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Iron is critical to a number of synthetic and enzymatic
processes. Most of the body iron is part of the hemoglobin
molecule where iron serves a key role in oxygen transport.
Iron is recycled and thus conserved by the body. Daily intake
( 1 mg ) s balanced against small daily losses (1 mg ).
The Fe button below will take you to the iron cycle, allowing
you to see the entire cycle as a whole.
The amounts shown in the Fe Cycle Card are in mg of
iron lost or gained per day. They were derived in the following
The average blood volume in a 70 kg man is 5,000 ml.
There are 150 grams of hemoglobin in each liter of blood,
therefore there are 750 g of hemoglobin in the body.
Each gram of hemoglobin contains approximately 3.3 mg of
iron or 2475 mg of iron in the body.
Dividing the 2475 mg total by the 120 day average RBC lifespan
results in the iron needed per day or 20.6 mg iron/day.
Ferritin & Hemosiderin
Other Fe (cytochromes; enzymes)
Total Body Iron
An average adult in the U.S. on a 2,500 calorie diet ( 6 mg
of iron/1,000 kcal) ingests 15 mg of iron daily. Only 5-10
% or about 1.0 mg of dietary iron is absorbed as ferrous iron
(Fe++), mainly in the duodenum and upper jejunum where the
pH is low. The mucosal cells oxidize the ferrous iron to ferric
which is then complexed with apoferritin to form ferritin.
Some of the ferritin is transported out of the mucosal cell
into the plasma bound to transferrin. Thus bound, iron can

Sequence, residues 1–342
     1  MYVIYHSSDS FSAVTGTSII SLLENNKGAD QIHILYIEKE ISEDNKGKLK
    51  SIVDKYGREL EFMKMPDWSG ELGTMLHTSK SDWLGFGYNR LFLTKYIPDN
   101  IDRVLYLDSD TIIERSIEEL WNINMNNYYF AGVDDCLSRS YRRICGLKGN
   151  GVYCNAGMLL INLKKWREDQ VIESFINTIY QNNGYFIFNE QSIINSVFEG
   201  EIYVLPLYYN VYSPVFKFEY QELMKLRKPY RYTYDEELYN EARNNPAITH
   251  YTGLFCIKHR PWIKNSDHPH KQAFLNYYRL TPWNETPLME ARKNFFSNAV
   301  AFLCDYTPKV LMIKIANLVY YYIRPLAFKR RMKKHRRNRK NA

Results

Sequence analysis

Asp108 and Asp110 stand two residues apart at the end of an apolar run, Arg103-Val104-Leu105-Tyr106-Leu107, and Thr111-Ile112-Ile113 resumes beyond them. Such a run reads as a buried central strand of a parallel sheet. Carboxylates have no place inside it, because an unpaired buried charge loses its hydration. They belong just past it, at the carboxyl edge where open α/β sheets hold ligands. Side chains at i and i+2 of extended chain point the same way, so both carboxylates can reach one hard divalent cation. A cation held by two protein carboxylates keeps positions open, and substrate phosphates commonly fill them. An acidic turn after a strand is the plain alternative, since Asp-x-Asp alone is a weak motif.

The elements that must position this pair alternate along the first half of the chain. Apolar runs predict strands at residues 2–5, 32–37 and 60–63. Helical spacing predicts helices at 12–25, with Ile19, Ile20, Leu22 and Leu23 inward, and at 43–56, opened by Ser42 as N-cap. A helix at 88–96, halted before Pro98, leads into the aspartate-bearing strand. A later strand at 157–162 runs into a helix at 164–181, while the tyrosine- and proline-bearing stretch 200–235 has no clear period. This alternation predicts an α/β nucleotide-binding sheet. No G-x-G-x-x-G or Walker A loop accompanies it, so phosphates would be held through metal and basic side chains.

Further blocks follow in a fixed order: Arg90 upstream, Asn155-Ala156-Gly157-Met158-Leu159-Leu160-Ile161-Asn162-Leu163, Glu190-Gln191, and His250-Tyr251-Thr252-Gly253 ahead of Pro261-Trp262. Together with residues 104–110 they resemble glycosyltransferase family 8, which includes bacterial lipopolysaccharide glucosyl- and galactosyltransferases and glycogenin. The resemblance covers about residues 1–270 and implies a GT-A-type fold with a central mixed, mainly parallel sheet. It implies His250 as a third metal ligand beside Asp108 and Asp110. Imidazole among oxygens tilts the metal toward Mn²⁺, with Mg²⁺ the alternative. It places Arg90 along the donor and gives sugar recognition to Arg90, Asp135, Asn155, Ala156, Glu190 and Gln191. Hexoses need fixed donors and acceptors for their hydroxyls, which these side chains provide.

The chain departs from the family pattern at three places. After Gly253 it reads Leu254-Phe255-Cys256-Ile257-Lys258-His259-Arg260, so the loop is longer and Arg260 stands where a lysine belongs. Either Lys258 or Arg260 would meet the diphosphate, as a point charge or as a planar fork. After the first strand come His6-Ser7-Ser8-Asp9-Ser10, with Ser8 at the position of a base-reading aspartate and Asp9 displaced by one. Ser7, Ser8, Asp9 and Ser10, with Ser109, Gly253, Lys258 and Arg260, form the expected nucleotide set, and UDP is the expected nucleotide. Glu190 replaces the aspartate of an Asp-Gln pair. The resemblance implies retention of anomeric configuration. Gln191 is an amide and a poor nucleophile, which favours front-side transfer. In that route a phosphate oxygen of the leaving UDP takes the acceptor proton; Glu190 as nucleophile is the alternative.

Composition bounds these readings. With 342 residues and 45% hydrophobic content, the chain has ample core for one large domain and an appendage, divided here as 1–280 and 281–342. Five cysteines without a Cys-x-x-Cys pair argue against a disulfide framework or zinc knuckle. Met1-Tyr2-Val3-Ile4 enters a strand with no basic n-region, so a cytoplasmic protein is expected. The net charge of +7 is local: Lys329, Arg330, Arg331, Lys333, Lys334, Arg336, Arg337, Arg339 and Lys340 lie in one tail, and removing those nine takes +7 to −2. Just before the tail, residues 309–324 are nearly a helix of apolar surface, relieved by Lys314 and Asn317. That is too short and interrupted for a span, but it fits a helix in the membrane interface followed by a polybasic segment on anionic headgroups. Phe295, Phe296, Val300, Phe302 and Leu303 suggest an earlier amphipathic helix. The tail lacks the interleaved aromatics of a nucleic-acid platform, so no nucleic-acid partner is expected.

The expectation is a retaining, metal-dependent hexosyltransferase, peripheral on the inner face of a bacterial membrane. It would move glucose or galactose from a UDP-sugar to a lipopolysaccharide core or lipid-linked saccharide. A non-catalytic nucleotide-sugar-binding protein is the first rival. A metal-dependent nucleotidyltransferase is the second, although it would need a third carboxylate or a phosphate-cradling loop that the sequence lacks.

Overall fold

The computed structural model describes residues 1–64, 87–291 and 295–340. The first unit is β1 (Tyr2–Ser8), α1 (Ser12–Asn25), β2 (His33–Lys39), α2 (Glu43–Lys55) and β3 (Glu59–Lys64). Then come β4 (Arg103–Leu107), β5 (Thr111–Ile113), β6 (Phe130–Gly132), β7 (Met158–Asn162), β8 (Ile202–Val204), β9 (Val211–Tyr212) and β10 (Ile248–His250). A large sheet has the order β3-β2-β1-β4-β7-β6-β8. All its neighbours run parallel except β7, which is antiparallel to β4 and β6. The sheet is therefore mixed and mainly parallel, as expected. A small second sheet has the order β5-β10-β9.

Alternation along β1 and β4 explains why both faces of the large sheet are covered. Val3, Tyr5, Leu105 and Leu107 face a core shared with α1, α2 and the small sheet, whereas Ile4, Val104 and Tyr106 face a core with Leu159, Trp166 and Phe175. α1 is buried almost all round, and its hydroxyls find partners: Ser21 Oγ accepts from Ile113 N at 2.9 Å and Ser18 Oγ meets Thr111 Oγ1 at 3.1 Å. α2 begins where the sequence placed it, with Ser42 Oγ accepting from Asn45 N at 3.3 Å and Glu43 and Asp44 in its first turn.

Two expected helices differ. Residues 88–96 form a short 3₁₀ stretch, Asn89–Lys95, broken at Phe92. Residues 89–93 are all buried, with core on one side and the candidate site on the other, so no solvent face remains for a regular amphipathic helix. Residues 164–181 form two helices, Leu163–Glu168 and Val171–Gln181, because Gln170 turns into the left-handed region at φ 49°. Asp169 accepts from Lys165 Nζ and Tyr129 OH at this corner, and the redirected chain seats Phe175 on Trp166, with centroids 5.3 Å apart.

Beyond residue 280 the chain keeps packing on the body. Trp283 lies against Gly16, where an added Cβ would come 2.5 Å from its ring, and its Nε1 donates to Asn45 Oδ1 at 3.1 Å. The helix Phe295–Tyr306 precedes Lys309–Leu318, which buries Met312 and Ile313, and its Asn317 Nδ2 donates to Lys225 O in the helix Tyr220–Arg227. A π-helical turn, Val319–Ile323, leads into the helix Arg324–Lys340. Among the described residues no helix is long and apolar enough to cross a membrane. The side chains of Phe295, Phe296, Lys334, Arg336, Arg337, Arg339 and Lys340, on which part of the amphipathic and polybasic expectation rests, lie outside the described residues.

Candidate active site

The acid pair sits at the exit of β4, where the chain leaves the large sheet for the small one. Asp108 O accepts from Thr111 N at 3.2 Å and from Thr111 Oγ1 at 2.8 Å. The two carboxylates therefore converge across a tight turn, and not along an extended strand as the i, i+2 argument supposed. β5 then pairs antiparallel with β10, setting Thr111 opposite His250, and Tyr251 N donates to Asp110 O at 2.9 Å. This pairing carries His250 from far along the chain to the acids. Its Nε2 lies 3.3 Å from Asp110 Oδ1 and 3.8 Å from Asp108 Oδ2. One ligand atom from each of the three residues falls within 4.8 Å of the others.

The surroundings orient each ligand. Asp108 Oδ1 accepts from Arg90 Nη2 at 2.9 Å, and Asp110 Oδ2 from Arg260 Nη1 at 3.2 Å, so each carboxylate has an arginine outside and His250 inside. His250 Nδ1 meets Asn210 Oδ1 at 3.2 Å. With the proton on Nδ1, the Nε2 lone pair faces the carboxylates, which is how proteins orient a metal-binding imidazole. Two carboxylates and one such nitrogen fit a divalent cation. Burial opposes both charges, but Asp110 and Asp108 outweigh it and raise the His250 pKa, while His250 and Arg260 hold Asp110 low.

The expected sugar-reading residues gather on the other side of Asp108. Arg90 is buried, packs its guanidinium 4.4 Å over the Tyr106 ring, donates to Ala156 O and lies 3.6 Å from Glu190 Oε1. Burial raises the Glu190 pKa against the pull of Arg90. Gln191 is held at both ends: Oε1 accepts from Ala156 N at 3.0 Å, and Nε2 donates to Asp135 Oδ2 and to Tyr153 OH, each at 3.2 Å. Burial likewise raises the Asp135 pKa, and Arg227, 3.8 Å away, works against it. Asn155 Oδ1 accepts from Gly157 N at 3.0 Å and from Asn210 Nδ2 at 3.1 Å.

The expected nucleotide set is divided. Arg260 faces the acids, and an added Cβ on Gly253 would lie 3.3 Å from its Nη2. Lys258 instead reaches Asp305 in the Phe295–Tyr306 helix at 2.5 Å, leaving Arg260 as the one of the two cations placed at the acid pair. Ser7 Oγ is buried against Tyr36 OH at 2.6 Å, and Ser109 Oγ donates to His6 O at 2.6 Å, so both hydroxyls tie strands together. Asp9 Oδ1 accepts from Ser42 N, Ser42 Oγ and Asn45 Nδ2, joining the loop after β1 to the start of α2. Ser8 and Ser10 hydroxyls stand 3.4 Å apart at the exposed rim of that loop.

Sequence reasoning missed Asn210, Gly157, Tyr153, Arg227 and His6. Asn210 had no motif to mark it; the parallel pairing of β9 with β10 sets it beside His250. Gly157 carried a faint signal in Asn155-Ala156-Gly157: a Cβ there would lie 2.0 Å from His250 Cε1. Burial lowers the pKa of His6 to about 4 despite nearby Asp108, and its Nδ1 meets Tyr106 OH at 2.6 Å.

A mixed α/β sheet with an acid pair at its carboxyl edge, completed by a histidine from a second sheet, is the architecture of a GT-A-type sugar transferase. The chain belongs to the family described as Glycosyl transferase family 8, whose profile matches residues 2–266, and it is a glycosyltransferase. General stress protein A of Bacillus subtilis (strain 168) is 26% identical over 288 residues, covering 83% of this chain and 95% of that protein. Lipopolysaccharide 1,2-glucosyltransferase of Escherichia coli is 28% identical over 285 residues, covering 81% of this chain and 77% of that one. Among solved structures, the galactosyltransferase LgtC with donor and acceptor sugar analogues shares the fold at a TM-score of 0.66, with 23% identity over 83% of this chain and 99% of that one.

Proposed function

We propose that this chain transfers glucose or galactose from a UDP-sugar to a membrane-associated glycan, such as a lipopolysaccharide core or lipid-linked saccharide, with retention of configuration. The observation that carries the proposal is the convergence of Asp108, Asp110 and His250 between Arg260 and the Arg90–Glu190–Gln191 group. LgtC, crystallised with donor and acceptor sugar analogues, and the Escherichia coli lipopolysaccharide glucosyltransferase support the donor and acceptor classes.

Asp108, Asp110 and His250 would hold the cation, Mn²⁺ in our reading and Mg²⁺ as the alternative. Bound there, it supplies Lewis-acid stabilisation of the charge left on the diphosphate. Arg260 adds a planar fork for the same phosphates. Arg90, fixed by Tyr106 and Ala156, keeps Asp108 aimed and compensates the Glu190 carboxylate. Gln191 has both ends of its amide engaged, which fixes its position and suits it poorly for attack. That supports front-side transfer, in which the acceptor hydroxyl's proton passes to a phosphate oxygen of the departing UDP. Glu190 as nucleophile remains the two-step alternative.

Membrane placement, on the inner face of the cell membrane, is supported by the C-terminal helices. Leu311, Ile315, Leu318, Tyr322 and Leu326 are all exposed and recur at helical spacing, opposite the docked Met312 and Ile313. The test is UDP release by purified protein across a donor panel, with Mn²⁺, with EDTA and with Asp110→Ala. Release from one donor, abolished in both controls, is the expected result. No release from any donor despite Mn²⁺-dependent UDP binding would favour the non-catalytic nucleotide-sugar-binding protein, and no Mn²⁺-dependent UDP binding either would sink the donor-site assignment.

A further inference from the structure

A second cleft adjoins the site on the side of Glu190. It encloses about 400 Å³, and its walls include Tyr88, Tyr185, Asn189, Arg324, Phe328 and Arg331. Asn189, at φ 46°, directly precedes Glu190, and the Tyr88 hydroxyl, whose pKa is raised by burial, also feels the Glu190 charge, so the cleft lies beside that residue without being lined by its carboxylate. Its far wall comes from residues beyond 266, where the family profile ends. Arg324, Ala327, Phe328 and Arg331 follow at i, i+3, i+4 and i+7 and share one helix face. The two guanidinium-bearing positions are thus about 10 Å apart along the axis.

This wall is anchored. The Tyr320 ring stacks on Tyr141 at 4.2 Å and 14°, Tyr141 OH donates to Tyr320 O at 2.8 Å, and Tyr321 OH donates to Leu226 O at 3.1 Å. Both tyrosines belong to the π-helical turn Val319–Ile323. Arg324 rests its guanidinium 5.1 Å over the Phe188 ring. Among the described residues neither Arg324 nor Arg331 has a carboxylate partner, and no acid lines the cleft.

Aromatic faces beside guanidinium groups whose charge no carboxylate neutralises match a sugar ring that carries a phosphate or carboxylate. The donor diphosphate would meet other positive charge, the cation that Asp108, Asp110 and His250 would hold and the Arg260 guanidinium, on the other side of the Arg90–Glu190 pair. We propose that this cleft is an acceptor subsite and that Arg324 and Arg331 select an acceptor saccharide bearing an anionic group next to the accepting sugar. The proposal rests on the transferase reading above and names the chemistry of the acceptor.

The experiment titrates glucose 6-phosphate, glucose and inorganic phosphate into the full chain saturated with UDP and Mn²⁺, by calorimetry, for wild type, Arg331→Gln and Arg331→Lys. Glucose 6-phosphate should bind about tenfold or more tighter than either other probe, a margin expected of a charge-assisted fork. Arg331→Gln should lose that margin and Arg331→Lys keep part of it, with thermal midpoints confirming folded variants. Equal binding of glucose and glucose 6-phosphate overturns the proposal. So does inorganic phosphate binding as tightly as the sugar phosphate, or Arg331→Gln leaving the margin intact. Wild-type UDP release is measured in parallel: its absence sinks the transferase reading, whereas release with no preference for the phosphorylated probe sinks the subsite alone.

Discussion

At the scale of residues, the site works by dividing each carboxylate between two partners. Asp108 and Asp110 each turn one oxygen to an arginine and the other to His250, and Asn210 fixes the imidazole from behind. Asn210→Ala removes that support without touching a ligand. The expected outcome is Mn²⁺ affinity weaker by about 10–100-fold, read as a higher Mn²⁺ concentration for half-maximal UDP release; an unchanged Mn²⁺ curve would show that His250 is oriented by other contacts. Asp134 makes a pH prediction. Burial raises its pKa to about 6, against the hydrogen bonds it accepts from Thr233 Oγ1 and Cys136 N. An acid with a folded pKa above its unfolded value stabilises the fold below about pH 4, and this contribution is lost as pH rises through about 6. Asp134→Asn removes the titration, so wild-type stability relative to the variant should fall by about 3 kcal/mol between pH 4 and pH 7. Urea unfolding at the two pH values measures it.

be transported to the bone marrow or iron storage sites where
it is stored as either ferritin or hemosiderin.
Most cells have transferrin receptors (CD 71) to which
iron ladden transferrin binds. The receptor-transferrin-iron
complex is then incorporated into the cytosol by endocytosis.
In red cells the endocytotic vacuole fuses with a lysozyme,
where at an acid pH the iron (Fe++) is released from transferrin
and transported to mitochondria where it is incorporated
into heme, the ferrous iron complex of protoporphyrin IX.
Although iron is utilized in virtually all cells, the
bulk of body iron is found in erythrocytes with lesser amounts
in myoglobin. Large amounts of iron are required during
growth periods in infant, childhood and teenage years.
Transferrin carries iron to the bone marrow where it is
accepted into RBCs via a transferrin receptor (CD71) and
incorporated into heme for use in hemoglobin.
Not all erythrocytes develop and mature successfully. Some
die in the marrow and their iron is salvaged by macrophages.
This failure to mature resulting in death in the marrow
is known as ineffective erythropoiesis.
Normally only small amounts of iron are lost daily as
hair, skin, urinary bladder,and gastrointestinal cells are
shed. This amount can easily be replaced by dietary intake.
With bleeding, larger amounts of iron can be lost. The
most common normal blood losses are due to menstruation
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